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McCulley v. Brooks & Co. General Contractors Inc.

Supreme Court of Virginia

July 19, 2018





         In this case, a landlord obtained a default judgment against a commercial tenant and its guarantor for unpaid rent. The judgment was void as to the guarantor, however, because the landlord failed to properly serve the complaint on him. Despite this fact, the circuit court found that the guarantor had entered a general appearance during post-judgment enforcement proceedings and thereby had waived any objection to the validity of the default judgment. We disagree and reverse.


         In 2013, Brooks & Co. General Contractors, Inc. ("Brooks & Co.") leased office and warehouse space to Plastic Lumber & Outdoor, LLC ("Plastic Lumber"). Colin McCulley personally guaranteed Plastic Lumber's lease obligations. In May 2016, Brooks & Co. filed a complaint against Plastic Lumber and McCulley for unpaid rent, utilities, late fees, interest, and attorney fees and costs.

         Brooks & Co. served process on McCulley by posting it to his front door pursuant to Code § 8.01-296(2)(b), see J.A. at 68, but the record fails to demonstrate that Brooks & Co. followed the additional requirements of that statute to mail a copy of the process to McCulley 10 days before obtaining a default judgment and to file a certificate of mailing in the circuit court clerk's office, see id. at 95. After neither Plastic Lumber nor McCulley filed responsive pleadings, Brooks & Co. obtained a default judgment against both defendants. The circuit court entered the default judgment on July 7, 2016.

         On August 24, 2016, the circuit court clerk issued a summons commanding McCulley to appear before a commissioner in chancery on September 15 to answer debtor's interrogatories. McCulley's counsel thereafter contacted the commissioner and successfully requested that the date be rescheduled to September 27. On September 19, McCulley filed a motion to vacate the default judgment in the circuit court, the first sentence of which reads:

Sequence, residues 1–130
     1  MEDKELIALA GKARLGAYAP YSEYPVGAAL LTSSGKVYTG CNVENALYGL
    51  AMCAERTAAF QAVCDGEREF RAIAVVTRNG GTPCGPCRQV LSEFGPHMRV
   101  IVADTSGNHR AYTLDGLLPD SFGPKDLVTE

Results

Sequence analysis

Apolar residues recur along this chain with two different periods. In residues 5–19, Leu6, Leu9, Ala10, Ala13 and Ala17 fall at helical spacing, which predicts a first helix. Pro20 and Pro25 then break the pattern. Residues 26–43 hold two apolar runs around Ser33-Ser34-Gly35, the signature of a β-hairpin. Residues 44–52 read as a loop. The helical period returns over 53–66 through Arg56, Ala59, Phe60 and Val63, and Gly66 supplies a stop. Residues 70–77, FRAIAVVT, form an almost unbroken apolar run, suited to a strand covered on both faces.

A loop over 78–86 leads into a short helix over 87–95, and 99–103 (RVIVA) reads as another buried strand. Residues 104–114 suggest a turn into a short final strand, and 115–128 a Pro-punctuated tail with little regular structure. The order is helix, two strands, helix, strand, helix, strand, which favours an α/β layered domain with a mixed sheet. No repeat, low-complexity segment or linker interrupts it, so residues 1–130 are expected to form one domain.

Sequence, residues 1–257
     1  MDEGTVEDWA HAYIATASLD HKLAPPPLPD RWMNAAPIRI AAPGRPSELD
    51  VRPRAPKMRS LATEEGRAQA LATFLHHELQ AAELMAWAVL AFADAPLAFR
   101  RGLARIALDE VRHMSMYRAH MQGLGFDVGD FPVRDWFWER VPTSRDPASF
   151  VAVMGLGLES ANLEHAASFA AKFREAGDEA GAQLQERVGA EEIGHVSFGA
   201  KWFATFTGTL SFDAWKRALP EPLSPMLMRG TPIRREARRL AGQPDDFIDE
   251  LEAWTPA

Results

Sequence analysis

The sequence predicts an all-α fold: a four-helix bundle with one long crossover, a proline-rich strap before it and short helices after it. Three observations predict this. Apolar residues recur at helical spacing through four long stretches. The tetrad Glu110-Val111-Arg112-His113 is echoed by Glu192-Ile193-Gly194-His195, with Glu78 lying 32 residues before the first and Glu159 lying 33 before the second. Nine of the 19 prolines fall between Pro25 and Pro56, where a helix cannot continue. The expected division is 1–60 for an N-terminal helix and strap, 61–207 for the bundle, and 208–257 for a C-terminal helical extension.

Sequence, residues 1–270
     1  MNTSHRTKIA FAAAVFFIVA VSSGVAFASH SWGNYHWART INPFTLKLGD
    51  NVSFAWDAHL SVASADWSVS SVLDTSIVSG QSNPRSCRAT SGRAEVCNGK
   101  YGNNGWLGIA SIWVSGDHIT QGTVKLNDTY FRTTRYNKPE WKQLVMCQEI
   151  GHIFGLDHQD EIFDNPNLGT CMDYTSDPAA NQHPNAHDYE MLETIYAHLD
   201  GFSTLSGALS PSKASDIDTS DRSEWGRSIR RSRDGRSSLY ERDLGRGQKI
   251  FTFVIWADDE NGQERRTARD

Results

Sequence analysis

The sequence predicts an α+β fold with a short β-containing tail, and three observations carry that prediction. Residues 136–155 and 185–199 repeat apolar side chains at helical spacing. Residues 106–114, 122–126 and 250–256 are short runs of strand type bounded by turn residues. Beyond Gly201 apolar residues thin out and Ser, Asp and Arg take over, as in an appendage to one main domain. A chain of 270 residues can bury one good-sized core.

COMES NOW COLIN MCCULLEY by counsel, MAKING A SPECIAL APPEARANCE FOR THE SOLE PURPOSE OF CONTESTING THIS COURT'S EXERCISE OF PERSONAL JURISDICATION [sic] BUT NOT OTHERWISE SUBMITTING TO THE COURT'S PERSONAL JURISDICATION [sic], pursuant to Virginia Code § 8.01-428(A) and respectfully prays that this Honorable Court will vacate the Default Judgment . . . as the same is a void judgment.

Id. at 65. The motion asserted that Brooks & Co. had failed to properly serve the complaint, thereby depriving the circuit court of personal jurisdiction over McCulley, and that the default judgment was therefore void. See id. at 65-67. McCulley concluded his motion by reiterating that he had "made this SPECIAL APPEARANCE for the sole purpose of contesting this Court's exercise of personal jurisdiction over him." Id. at 67. Brooks & Co. did not file any written response to the motion and later made no claim that its attempted service of process was valid.

         At some point prior to September 27, 2016, McCulley's counsel advised opposing counsel that he would ask the commissioner to stay the debtor's interrogatories until the circuit court had an opportunity to rule on his motion to vacate the default judgment. See id. at 85, 90. On September 26, the day before the rescheduled meeting at the commissioner's office, Brooks & Co.'s counsel emailed his response: "There is no legal basis on which to stay the interrogatories, as such, I would object to the seeking of any stay of collection proceedings, as the judgment is final." Id. at 90. A later email from Brooks & Co.'s counsel to the commissioner confirmed that McCulley had made the stay request and that the commissioner had ultimately rejected it. See id. at 91-92.

         The debtor's-interrogatory proceedings continued for several months. After an order of production directed to McCulley went unanswered, Brooks & Co.'s counsel requested that the commissioner issue a show-cause order demanding compliance upon penalty of being held in contempt. See id. The commissioner responded by instructing the parties that "[a]ny enforcement action would have to come from the Circuit Court." Id. at 92. He advised them to present the enforcement request "at the same time as the Motion to Vacate [was] heard" in the circuit court. Id.

         The circuit court conducted a hearing on McCulley's motion to vacate and ruled that the "initial service" of process on him "was defective" but that "McCulley waived any objection to this defect in service by making a general appearance in this case through his post-judgment participation in Debtor's Interrogatories." Id. at 95. The court's letter opinion, incorporated by reference into its final order, held that a general appearance during enforcement proceedings on a final judgment could effectively waive any claim that the judgment was void ab initio. See id. at 78-82.


         On appeal, Brooks & Co. concedes that it failed to certify that it had satisfied the mailing requirement of Code § 8.01-296(2)(b).[1] The only issue before us is whether McCulley waived his right to challenge the default judgment as void ab initio by participating in the ...

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